Introduced from Europe and now found throughout the United States. It grows commonly in grain fields and pastures, and the strong odor of the plant causes a bitter flavored milk from livestock that eat it.
A winter or summer annual, beginning as a rosette of basal leaves and then producing the tall, branched stems that produce the flowers. Propagation is from seeds that may germinate at nearly any time of the year, from early spring to late fall.
Mature plants may be 18 inches tall, with profuse production of flowers and seeds. The basal leaves are lanceolate and with slightly wavy margins, but these leaves wither as the plant matures and produces stems. Leaves are alternate along the stem, and attach tightly to the stem with a clasping base. Both stems and foliage produce the unpleasant odor when they are damaged.
Flowers are produced from early spring into early summer as dense clusters of small, white flowers at the ends of the stems. These clusters are called racemes, and they elongate as the plant ages, continuing to produce new flowers at the top while the seed pods develop below, along the stem. Seed pods are very distinctive, being very flat, egg-shaped, and with a notch at the outer end.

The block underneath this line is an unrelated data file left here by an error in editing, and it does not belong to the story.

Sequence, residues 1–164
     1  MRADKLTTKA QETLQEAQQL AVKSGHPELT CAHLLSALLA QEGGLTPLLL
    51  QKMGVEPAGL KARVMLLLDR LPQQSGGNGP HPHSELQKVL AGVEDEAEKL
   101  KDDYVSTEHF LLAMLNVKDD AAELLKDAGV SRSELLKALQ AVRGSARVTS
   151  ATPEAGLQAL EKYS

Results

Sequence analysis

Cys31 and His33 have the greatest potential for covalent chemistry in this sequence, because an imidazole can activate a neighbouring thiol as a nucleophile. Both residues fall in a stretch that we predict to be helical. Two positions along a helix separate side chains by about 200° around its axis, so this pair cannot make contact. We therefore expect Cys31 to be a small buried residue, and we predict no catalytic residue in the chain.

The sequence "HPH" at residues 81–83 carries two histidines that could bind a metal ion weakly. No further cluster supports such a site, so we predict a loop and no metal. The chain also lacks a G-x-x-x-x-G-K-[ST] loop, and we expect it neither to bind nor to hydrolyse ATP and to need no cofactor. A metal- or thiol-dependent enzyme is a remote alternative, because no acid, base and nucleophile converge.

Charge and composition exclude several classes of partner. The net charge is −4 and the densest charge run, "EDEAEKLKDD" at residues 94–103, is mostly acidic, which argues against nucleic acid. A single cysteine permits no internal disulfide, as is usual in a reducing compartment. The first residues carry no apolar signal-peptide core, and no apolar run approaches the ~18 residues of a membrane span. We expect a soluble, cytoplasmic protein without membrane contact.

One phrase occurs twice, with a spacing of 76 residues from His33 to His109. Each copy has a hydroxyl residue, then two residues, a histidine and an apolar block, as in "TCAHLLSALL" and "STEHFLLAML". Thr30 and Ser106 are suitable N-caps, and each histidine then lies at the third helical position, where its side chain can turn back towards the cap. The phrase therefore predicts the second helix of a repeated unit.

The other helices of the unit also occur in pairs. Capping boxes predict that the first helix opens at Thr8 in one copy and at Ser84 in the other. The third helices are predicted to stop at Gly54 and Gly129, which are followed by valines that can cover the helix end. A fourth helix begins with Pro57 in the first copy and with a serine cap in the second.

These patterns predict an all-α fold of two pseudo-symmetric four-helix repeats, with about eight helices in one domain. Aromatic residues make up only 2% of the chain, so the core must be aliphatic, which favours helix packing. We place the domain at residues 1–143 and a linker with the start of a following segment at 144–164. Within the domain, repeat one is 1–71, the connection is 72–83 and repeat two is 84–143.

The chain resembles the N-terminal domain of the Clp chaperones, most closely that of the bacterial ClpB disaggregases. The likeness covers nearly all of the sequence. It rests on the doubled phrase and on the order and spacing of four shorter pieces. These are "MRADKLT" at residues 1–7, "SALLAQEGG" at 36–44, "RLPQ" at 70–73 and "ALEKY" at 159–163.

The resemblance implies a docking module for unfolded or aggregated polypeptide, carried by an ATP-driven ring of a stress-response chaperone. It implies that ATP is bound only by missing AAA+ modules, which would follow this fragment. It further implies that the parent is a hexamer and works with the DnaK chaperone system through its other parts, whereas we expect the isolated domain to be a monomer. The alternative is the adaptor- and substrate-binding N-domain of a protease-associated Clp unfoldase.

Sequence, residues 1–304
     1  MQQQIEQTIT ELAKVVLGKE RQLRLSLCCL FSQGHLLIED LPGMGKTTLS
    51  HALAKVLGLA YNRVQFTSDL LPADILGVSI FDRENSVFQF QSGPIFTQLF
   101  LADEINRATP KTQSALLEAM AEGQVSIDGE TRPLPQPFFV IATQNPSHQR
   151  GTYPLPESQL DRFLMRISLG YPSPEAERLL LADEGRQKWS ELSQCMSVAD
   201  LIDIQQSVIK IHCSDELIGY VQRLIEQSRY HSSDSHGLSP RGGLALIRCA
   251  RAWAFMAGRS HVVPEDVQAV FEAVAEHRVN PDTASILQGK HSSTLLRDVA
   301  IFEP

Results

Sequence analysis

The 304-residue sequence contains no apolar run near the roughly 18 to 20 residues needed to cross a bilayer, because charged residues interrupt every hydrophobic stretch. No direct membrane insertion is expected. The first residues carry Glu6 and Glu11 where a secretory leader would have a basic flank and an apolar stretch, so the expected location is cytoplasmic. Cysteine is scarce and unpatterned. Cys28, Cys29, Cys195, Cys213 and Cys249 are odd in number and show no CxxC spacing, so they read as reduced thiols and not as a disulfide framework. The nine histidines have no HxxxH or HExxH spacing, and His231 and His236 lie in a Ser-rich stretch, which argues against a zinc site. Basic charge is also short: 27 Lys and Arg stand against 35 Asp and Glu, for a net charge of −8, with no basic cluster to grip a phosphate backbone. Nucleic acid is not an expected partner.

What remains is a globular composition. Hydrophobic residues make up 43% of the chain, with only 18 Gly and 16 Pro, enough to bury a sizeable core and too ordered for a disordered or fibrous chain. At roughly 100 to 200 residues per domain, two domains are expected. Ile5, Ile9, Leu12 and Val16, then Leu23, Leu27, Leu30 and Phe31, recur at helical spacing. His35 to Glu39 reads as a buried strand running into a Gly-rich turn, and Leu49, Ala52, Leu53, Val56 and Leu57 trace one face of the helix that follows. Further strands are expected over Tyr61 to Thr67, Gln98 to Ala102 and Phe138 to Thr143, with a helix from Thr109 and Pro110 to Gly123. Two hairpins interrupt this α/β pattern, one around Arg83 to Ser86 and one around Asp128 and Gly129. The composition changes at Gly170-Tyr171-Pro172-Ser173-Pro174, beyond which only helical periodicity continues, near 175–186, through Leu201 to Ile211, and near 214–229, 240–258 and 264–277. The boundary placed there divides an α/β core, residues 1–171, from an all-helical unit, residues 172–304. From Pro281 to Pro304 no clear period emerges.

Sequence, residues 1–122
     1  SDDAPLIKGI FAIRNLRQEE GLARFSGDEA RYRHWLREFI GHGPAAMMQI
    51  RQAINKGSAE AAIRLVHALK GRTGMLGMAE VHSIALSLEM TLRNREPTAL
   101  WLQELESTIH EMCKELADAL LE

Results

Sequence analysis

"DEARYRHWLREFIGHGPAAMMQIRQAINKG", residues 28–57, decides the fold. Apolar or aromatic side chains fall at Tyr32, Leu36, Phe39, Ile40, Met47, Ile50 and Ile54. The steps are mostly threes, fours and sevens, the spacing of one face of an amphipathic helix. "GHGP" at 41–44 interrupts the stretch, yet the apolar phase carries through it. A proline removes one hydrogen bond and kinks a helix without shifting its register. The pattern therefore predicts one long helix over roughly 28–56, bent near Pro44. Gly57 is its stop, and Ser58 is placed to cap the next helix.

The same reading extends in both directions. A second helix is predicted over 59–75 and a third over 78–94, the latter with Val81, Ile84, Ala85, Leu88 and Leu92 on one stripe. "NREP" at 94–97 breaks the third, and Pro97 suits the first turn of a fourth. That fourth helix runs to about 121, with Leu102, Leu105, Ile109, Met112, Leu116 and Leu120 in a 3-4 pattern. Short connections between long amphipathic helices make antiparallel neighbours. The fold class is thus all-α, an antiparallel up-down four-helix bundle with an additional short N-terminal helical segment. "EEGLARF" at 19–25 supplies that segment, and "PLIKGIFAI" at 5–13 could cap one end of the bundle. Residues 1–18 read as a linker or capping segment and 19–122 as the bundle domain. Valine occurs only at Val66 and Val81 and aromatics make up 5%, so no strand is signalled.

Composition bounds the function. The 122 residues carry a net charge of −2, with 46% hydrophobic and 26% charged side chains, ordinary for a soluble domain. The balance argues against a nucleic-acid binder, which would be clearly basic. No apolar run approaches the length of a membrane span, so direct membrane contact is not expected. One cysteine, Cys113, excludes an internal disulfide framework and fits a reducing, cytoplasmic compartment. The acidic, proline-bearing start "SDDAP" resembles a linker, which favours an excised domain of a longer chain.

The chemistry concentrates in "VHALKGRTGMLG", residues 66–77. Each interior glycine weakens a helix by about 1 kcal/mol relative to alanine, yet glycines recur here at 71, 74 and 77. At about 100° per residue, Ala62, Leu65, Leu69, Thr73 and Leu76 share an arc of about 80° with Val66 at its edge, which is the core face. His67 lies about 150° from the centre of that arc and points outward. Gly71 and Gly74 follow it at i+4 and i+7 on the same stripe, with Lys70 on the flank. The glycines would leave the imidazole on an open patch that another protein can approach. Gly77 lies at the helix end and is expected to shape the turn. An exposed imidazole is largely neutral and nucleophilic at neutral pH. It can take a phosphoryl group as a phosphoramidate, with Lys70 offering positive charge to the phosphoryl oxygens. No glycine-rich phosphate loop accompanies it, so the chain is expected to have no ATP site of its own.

Characteristicts Important to Control:
Plants grow best in moist, rich soils, but tolerate dry roadside conditions as well. Heavy and continual seed production allows infestations to spread quickly.